Interview
Robert O. Blake, Jr.
Assistant Secretary, Bureau of South and Central Asian Affairs
Thimpu, Bhutan
April 27, 2010


BBS: Why did the United States choose to become an observer [inaudible]?

ASSISTANT SECRETARY BLAKE: We’ve been an observer since 2007. We asked to be observers because we have very important relations with all of the SAARC countries. I must say that those have increased over time. As you know, some of our highest priorities are in India but also in Afghanistan and Pakistan. So it’s very much in our interest to try to promote greater integration between all of the South Asian countries, so we’re very happy to be here.

BBS: Your comment on the relevance of the timing of this year’s summit theme which is climate change?

ASSISTANT SECRETARY BLAKE: I think it’s a very very important theme right now. In the aftermath of the Copenhagen meetings that took place there’s I think heightened global attention and focus on climate change. Bhutan, of course, is a country that is very much affected by climate change so I think it’s very appropriate that His Majesty chose this to be one of the key focuses of the summit. And I’m very glad that there’s greater attention to this because there’s still a lot of work to be done on both the global but also at the South Asian regional level on climate change.

BBS: Coming back to the environment, it evolved as a mission of imbalances, one of the main pillars of development [inaudible]. Do you think a small nation like Bhutan can make a difference globally?

ASSISTANT SECRETARY BLAKE: Certainly. I think your country already is known for its attention and its leadership n conservation and environment. Certainly in the United States everybody knows very well about the role that you have played. So I think that you really have a lot that you can show to the rest of the world in terms of, for example, forest management, which has been one of the real leadership areas for Bhutan. But there are many other areas as well.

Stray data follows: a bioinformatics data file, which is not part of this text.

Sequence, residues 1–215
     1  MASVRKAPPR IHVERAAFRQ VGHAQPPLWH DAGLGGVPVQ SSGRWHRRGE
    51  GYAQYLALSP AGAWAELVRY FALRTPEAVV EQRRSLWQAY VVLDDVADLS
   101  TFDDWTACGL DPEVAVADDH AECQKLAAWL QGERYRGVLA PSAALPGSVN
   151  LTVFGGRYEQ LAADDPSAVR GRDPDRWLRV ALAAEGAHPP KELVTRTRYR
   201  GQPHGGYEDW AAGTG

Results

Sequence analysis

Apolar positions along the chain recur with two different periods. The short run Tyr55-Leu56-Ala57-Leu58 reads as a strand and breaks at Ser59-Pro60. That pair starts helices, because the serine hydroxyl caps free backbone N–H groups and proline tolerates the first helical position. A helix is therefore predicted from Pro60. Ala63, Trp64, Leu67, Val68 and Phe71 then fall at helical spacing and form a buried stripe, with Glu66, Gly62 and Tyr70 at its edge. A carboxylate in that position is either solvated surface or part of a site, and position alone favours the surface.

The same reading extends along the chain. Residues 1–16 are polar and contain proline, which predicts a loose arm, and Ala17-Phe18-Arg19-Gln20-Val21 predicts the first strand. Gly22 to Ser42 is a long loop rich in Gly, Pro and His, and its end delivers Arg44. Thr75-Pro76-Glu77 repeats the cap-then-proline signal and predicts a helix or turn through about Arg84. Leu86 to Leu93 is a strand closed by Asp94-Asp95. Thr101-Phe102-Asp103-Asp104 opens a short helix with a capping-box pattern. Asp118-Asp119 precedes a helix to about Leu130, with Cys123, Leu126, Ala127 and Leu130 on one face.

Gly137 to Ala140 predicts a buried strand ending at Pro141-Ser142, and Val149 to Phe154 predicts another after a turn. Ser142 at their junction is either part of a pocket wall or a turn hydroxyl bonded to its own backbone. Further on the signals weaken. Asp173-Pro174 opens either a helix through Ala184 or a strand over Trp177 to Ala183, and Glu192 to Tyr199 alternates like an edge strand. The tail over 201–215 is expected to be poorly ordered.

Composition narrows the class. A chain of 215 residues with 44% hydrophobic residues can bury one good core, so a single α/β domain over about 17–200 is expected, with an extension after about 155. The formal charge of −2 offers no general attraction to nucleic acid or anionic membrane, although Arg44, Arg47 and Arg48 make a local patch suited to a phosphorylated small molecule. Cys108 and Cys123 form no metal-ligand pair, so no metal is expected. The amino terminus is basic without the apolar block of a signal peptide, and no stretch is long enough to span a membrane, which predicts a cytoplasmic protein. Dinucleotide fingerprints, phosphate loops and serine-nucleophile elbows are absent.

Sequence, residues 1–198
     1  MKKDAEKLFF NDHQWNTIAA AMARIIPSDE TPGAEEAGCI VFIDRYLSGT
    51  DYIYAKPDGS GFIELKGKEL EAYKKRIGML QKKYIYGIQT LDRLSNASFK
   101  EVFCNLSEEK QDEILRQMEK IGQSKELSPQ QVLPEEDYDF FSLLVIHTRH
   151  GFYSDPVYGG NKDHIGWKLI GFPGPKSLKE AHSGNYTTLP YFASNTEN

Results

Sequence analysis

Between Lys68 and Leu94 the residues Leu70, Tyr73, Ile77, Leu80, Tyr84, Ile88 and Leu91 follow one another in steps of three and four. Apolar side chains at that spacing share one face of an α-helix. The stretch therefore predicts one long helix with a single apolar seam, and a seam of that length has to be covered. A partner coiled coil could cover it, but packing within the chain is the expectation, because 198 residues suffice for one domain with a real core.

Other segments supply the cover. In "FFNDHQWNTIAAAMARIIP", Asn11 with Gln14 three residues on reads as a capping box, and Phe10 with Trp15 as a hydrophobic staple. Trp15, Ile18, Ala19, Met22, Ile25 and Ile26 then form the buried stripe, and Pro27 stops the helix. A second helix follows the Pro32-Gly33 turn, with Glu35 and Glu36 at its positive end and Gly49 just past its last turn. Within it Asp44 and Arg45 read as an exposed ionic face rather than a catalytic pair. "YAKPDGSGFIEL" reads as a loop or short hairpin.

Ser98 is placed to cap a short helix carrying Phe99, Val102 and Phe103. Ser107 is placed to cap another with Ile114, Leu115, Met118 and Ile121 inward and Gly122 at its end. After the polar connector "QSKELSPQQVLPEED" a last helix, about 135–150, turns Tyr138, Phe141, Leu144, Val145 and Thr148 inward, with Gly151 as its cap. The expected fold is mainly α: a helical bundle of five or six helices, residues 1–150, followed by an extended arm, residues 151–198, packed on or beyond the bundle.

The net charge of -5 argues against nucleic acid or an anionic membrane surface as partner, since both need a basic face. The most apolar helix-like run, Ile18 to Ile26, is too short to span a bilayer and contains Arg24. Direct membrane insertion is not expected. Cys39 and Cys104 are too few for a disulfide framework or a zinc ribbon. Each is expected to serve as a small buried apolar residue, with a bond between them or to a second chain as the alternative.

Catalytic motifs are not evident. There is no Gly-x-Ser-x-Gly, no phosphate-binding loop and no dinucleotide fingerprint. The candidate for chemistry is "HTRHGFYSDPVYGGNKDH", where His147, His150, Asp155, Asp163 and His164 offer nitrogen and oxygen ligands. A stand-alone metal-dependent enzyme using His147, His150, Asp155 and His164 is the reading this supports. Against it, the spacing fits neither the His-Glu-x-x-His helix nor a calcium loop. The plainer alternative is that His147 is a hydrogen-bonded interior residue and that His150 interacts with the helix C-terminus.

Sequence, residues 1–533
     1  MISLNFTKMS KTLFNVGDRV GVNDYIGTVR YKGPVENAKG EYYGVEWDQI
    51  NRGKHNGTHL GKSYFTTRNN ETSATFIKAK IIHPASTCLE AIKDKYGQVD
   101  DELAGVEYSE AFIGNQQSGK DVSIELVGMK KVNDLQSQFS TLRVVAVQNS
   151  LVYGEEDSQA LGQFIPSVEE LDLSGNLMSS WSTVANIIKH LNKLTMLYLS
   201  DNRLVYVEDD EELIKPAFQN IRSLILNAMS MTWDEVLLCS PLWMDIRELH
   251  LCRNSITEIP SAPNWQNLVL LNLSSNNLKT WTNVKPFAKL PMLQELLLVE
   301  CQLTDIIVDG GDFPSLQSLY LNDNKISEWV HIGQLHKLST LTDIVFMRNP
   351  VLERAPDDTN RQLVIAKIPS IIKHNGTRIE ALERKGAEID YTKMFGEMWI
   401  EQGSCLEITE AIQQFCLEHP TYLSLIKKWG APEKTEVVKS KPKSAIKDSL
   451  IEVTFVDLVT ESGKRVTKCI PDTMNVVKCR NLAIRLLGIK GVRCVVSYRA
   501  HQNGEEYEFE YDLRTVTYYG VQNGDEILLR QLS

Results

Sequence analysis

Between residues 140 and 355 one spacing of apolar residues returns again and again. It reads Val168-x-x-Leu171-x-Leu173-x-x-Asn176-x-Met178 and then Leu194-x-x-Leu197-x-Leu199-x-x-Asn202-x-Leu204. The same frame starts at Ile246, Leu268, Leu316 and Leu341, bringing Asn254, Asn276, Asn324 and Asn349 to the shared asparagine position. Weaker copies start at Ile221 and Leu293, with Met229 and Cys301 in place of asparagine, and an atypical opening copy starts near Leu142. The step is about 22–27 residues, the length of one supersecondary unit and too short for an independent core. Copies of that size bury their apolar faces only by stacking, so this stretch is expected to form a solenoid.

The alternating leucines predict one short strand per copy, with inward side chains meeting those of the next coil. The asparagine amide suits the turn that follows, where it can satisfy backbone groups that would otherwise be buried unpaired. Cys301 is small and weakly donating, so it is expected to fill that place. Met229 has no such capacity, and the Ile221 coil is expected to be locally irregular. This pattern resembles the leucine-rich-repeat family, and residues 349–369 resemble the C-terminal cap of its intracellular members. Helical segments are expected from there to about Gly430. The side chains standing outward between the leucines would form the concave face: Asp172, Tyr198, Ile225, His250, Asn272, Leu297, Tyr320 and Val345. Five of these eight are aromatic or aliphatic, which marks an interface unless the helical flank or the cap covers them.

BBS: So your short views on how the SAARC regional grouping has fared so far. Your observation on that.

ASSISTANT SECRETARY BLAKE: I think it mostly has been a forum for dialogue so far. I think there probably hasn’t been as much progress on concrete things like trade as many of its members would like. Intra-regional trade within SARC is really quite small still. It represents only about five percent of total trade.

I think that as all the SAARC countries, for example, seek to provide employment for their young populations, trade is a very good way to provide that. So I think it’s in every country’s interest to do more on that front.

BBS: The very last question. Do you think that Gross National Happiness could serve as a new development model?

ASSISTANT SECRETARY BLAKE: I hope so, yes.

BBS: In what ways?

ASSISTANT SECRETARY BLAKE: Everybody can benefit from the way that Bhutan has developed itself in I think a steady but always cautious way to ensure that everybody in Bhutan is benefiting from development, and I think again, that’s a lesson for all of the countries. I congratulate you.

BBS: Thank you so much, sir.

ASSISTANT SECRETARY BLAKE: Thank you. It’s a pleasure.


[This is a mobile copy of Interview with Bhutan Broadcast Service]